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Morningstar v. Circleville Fire & EMS Department

United States District Court, S.D. Ohio, Eastern Division

June 12, 2018

AMIE L. MORNINGSTAR, Plaintiff,
v.
CIRCLEVILLE FIRE & EMS DEPARTMENT, et al., Defendants.

          Deavers Magistrate Judge

          OPINION & ORDER

          ALGENON L. MARBLEY UNITED STATES DISTRICT JUDGE

         This matter is before the Court on the Defendants' Motion for Reconsideration. Defendants request that the Court reconsider its partial denial of the Defendants' previous Motion for Summary Judgement with respect to the Plaintiff's Title VII claims. (ECF No. 54). The Court DENIES Defendants' Motion for Reconsideration.

         I. BACKGROUND

         On December 11, 2015, the Plaintiff, Amie Morningstar, brought this action against Defendants Circleville Fire Department & EMS Department (“CFD”), City of Circleville, and Marc Zingarelli. (ECF No. 1). Plaintiff alleged, inter alia, causes of action under Title VII for gender discrimination, retaliation, hostile work environment, and sexual harassment. (ECF No. 1). Plaintiff was the first female firefighter in the City of Circleville. (ECF No. 24 at 5). Her claims arise out of the Defendants' actions before and during her employment as a full-time firefighter. (ECF No. 1).

         Defendants moved for summary judgement on April 19, 2017. (ECF No. 17). After oral argument on that motion, the Court requested additional briefing regarding whether the Plaintiff's federal discrimination claims should be dismissed for a failure to exhaust administrative remedies. (ECF No. 31). Both parties submitted supplemental briefs and reply briefs on this issue. (ECFs Nos. 32-35). The Court then granted in part and denied in part the Defendants' Motion for Summary Judgement. (ECF No. 36). Specifically, the Court denied summary judgment on the Plaintiff's federal discrimination claims against the City of Circleville and CFD. (ECF No. 36 at 39-40). The Court found that Defendants were estopped from arguing that Plaintiff's failure to exhaust her administrative remedies should result in dismissal of her Title VII claims (ECF No. 36 at 13). Defendants now move for the Court to reconsider its decision to apply equitable estoppel against them. (ECF No. 54).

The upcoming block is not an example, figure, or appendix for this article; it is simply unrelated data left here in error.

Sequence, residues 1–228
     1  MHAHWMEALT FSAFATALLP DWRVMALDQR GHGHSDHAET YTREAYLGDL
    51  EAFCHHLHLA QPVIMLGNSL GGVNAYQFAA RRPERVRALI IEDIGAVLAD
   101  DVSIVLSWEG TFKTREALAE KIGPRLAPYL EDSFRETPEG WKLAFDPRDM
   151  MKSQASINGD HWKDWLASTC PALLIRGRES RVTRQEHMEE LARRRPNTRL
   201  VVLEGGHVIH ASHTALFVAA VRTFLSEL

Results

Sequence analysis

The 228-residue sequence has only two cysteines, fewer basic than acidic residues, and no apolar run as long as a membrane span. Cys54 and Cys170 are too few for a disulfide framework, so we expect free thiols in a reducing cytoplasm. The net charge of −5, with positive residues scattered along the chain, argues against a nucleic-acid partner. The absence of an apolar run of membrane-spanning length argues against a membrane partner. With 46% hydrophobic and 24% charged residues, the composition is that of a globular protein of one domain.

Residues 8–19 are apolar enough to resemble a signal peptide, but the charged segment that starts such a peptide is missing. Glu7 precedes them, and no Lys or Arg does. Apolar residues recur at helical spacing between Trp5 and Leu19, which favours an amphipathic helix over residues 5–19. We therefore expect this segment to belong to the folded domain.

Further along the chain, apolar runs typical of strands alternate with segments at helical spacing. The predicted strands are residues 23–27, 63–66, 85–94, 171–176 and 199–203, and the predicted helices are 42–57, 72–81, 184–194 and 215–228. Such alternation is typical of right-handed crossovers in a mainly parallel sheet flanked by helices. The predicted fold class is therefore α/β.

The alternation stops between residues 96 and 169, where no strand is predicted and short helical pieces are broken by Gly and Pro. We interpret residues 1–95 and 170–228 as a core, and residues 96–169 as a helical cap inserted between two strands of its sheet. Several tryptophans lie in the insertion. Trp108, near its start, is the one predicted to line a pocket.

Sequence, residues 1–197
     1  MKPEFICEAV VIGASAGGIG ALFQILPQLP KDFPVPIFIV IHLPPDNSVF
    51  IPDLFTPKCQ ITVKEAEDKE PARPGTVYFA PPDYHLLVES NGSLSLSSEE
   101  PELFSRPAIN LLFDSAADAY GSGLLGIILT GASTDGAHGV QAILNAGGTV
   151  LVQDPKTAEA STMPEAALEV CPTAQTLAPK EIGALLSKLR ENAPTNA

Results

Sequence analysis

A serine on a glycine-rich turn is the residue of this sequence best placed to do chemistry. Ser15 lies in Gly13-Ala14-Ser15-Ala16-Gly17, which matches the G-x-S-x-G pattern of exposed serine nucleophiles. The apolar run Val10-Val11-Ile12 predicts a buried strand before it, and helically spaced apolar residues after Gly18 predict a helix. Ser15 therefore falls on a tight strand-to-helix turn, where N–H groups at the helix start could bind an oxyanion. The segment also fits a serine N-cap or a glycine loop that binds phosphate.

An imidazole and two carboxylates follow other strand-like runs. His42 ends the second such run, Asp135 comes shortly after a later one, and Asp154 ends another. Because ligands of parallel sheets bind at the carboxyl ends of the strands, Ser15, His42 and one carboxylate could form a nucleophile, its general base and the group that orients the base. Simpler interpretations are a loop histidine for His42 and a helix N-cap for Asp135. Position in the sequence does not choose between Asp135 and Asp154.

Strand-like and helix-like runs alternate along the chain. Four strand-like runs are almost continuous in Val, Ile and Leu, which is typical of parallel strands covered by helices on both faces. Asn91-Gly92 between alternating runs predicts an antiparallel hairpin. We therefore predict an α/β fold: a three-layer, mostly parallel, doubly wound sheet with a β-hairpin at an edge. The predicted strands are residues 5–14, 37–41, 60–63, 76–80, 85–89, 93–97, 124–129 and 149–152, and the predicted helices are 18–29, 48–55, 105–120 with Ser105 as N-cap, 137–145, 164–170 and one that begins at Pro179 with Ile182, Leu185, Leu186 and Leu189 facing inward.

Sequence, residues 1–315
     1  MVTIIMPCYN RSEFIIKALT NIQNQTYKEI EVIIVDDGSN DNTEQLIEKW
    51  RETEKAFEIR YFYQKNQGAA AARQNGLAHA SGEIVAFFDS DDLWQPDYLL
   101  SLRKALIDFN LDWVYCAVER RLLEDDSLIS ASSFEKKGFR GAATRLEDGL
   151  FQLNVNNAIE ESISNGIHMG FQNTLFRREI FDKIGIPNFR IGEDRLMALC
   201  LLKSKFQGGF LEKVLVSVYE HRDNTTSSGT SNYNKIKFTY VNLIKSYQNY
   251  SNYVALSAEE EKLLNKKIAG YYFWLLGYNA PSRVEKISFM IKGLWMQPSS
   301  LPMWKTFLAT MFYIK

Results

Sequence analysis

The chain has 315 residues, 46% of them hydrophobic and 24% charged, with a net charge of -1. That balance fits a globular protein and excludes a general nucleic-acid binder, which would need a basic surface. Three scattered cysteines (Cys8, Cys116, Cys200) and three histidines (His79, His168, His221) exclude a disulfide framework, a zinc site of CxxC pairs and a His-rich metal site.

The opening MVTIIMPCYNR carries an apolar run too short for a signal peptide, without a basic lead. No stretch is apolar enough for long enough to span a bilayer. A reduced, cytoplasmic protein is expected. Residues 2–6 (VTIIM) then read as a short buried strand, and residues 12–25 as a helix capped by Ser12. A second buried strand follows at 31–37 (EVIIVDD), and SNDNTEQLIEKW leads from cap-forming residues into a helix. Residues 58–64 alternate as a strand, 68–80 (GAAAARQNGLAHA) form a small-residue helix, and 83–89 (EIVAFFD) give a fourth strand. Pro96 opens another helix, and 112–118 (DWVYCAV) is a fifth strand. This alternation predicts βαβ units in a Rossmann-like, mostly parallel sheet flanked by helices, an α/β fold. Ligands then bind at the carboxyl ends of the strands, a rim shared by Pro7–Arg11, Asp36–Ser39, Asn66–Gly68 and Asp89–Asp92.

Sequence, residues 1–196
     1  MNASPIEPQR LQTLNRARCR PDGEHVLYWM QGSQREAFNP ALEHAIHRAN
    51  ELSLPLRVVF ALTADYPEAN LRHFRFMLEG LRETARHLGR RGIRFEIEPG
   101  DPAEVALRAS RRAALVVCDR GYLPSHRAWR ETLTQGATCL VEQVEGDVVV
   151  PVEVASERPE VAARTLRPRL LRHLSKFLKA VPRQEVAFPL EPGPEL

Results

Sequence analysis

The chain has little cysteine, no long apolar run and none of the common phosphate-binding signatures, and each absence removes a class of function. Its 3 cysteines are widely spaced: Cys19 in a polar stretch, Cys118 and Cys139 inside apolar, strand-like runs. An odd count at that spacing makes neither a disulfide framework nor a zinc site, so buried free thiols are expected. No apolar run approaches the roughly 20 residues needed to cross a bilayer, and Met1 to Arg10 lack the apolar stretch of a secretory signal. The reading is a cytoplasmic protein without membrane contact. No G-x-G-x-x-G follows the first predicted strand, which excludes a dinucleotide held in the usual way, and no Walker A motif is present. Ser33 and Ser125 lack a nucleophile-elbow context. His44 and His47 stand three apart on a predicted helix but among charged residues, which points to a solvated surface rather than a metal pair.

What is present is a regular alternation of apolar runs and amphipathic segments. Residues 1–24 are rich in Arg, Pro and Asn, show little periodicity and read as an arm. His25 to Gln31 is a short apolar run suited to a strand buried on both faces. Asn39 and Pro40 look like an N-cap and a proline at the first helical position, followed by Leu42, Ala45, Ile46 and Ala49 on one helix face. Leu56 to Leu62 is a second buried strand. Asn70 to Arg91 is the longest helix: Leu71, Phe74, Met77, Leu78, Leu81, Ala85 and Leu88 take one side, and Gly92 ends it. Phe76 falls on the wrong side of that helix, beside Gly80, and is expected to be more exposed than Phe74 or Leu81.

II. LEGAL STANDAND

         Under Federal Rule of Civil Procedure 59(e), a court will reconsider its own prior decision “if the moving party demonstrates: (1) a clear error of law; (2) newly discovered evidence that was not previously available to the parties; or (3) an intervening change in controlling law.” Owner-Operator Indep. Drivers Ass'n, Inc. v. Arctic Express, Inc., 288 F.Supp.2d 895, 900 (S.D. Ohio 2003). Courts may also alter or amend a judgment when necessary “to prevent manifest injustice.” GenCorp., Inc. v. Am. Int'l Underwriters, 178 F.3d 804, 834 (6th Cir. 1999). Reconsideration due to a finding of manifest injustice or a clear error of law requires “unique circumstances, ” such as complete failure to address an issue or claim. McWhorter v. ELSEA, Inc., No. 2:00-CV-473, 2006 WL 3483964, at *2 (S.D. Ohio Nov. 30, 2006) (citing Collison v. Int'l Chem. Workers Union, Local 217, 34 F.3d 233, 236 (4th Cir. 1994)). Even for motions to reconsider interlocutory orders, courts respect the importance of “grant[ing] some measure of finality… and [of] discourag[ing] the filing of endless motions for reconsideration” in applying the relevant criteria. Id. A motion under Rule 59(e) may not be brought to relitigate issues previously considered by the Court or to present evidence that could have been raised earlier. See J.P. v. Taft, No. C2-04-692, 2006 WL 689091, at *3 (S.D. Ohio Mar. 15, 2006).